Amazon.com has made a concession to reality in the defence of its 1-Click patent. Last month, an examination of the validity of the patent succeeded in having the patent rejected.
That was the result of a reader-funded campaign by Peter Calveley, a Kiwi film technician who was frustrated that Amazon's patent had held back innovation in online shopping.
Amazon is now prepared to salvage what it can. It has narrowed the scope of two of the claims in the patent, including the broadest, in a bid to have the patent restored, albeit in bowdlerised form. Previously, any "single click" action was Amazon's IP. But if accepted, 1-Click would only apply to "Shopping Cart" models in the future.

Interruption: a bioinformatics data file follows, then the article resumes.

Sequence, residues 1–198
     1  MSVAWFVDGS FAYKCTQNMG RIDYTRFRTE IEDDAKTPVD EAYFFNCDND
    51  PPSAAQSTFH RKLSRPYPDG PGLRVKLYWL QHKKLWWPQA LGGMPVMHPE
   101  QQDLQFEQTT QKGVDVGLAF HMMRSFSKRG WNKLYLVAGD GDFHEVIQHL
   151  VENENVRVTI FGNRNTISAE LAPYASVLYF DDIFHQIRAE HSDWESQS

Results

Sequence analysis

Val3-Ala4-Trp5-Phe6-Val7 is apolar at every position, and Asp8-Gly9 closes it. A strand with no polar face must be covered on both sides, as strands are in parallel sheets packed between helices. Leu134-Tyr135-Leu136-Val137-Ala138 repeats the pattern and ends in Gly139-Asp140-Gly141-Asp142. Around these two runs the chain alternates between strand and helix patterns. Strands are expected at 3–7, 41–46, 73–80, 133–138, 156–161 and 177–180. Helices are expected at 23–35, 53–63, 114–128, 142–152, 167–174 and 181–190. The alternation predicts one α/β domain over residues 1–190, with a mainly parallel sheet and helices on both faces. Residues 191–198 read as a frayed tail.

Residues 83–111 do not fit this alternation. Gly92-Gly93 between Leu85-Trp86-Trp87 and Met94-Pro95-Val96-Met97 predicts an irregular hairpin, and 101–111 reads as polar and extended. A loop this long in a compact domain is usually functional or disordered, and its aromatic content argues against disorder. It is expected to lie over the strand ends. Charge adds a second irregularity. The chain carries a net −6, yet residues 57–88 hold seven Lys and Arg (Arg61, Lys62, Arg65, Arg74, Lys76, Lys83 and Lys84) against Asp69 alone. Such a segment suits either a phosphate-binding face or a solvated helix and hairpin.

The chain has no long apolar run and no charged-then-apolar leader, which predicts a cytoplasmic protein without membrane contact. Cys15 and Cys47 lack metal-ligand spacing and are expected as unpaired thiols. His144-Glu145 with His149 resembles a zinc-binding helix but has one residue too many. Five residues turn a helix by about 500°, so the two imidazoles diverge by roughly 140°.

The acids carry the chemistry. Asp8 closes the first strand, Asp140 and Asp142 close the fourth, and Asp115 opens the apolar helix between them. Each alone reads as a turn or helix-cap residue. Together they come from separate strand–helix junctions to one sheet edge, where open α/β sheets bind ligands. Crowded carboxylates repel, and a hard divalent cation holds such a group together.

Calveley professes to be happy with this.
"I believe that the shopping cart model is an old technology that needs to be put to bed, and that if these amendments are made, they will (a) free people to use pre-Amazon methods of "one Click shopping" such as DigiCash-type systems [and] (b) allow people to implement new and exciting ways of shopping with one click, perhaps using new technologies that didn't exist in 1997," he writes on his blog.
"If these amendments are made, then as far as I am concerned, it is 'mission accomplished'."
Erstwhile "people's champion" Tim 2.0'Reilly once vowed to defeat the patent, then wriggled out of his promise. Amazon chief Jeff Bezos became a key attraction at 2.0'Reilly's events, and the two are now investors together.
So it fell to someone outside the tech industry to do what he couldn't.
Maybe Jeff promised Tim a ride in his spaceship? ®